There are a lot of misconceptions about bamboo flooring and a plethora of choices on the market. There are different ages of bamboo maturity and subsequent different hardness ratings, different factory finishes and different manufacturing processes, making for a very confusing selection process. Many customers end up disappointed when they purchase a bamboo floor that is not high quality and scratches very easily—sometimes before installation is even complete.
So what qualities should you look for? Most bamboo flooring is made from bamboo pieces glued together in alternating layers and then milled into flooring pieces. Ideally, the bamboo should be at least four to five years of age in maturity so that it achieves a hardness rating of at least 1,400 psi on a Janka scale (harder than most oak flooring); some flooring is being made out of only 2- to 3-year-old bamboo that is not fully mature and much softer on a hardness scale. Some customers have even blogged that they can easily sink their fingernails into the flooring!
The moisture content (MC) should be 8 percent or less and consistent throughout the flooring boards. Consistency and even kiln drying is the key. There should be minimal color variation so that the installers don’t have to worry about drastic color patterning. The glues and finishes should be of high quality, contain at least one layer of a high-quality aluminum oxide for increased scratch resistance and durability, and have low to no VOCs or formaldehyde. Some flooring has only one or two layers of polyurethane, while others have five to six coats. Look for flooring that passes the strict CARB standards that California has set for indoor air quality.
Stranded bamboo is more of a newcomer to bamboo flooring choices but is substantially stronger than traditional bamboo flooring. Made by compressing and binding together strips and pieces of bamboo, stranded bamboo is about twice as strong as regular bamboo flooring, with hardness ratings in the 2,500 to 3,000 psi range. There are different manufacturing processes used to make this type of bamboo flooring, so, again, there are different qualities to look for when purchasing it. MC is very important for this material and should, again, be consistent throughout the batch and at 8 percent standard. Most moisture meters aren’t set for bamboo flooring, not to mention stranded bamboo, so you will need to get a meter that can be set for these types of material to get an accurate reading. The same qualities that you should look for in regular bamboo should also be reviewed for the stranded bamboo: Hardness, glues, finishes and MC are the big items to ask about.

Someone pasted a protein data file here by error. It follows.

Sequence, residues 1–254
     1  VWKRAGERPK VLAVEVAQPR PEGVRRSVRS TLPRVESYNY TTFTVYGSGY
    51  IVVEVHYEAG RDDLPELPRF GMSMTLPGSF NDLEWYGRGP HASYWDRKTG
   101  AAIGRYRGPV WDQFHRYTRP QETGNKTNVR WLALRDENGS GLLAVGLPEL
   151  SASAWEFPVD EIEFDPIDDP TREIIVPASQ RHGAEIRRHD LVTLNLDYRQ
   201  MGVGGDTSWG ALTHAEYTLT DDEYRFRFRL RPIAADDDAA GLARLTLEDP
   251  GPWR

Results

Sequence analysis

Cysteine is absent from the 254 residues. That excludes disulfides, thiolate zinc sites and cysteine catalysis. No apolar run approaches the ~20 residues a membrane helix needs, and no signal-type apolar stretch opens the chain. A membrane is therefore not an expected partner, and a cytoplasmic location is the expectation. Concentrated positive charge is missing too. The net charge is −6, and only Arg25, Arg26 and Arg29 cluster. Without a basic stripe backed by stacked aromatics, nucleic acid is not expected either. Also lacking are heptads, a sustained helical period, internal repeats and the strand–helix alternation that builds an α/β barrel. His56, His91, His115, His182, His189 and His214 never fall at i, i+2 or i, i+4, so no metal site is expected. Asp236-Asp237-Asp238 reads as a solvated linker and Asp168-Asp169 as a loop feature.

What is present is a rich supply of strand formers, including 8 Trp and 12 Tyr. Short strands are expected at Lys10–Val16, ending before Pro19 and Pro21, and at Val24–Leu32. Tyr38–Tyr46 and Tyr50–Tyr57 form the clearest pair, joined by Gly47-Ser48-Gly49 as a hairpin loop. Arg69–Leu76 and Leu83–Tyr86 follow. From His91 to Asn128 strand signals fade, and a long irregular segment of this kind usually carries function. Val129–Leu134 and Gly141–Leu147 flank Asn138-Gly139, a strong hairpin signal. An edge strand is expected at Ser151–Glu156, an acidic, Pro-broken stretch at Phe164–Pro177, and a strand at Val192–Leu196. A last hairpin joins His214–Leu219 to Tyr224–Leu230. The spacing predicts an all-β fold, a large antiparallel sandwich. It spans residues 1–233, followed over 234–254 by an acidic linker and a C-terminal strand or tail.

As with any flooring, look for a good warranty in both the finish and structure of the flooring. Look for the documentation that shows FSC or another third-party certification to ensure Lacey Act compliance and look for CARB compliance.
Monday, March 28, 2016
Friday, February 12, 2016
Wood Flooring Routine Maintenance
Cleaning your wood floors is easy. Regular maintenance includes sweeping with a soft bristle broom, and vacuuming with the beater bar turned off. You also should clean your floors periodically with a professional wood floor cleaning product.
We carry professional grade cleaning products by Bona & Loba.
Call us (ph.: 773-279-9100) to order yours today.
There are other steps you can take to maintain the beauty of your wood floors.
· Do not use vinyl or tile cleaning products on wood floors. Self-polishing acrylic waxes cause wood to become slippery and appear dull quickly.
· Use throw rugs at doorways to help prevent debris from being tracked in and scratching your floor.
· Do not wet-mop a wood floor. Standing water can dull the finish, damage the wood and leave a discoloring residue.
· Wipe up spills immediately with a slightly dampened towel.
· Do not over-wax a wood floor. If a wax floor dulls, try buffing instead. Avoid wax buildup under furniture and other light traffic areas by applying wax in these spots every other waxing session.
· Put stick-on felt protectors under the legs of furniture to prevent scuffing and scratching. Replace these often as dirt and debris can become imbedded on the pad and act like sand paper on the flooring surface.
· Avoid walking on your wood floors with sports cleats and high heels in disrepair. A 125-pound woman walking in high heels with an exposed heel nail can exert up to 8,000 pounds per square inch. This kind of impact can dent any floor surface.
· When moving heavy furniture, do not slide it on wood flooring. It is best to pick up the furniture to move it and to prevent scratches.
· For wood flooring in the kitchen, place an area rug at the kitchen sink.
· Use a humidifier throughout the winter months to minimize gaps or cracks.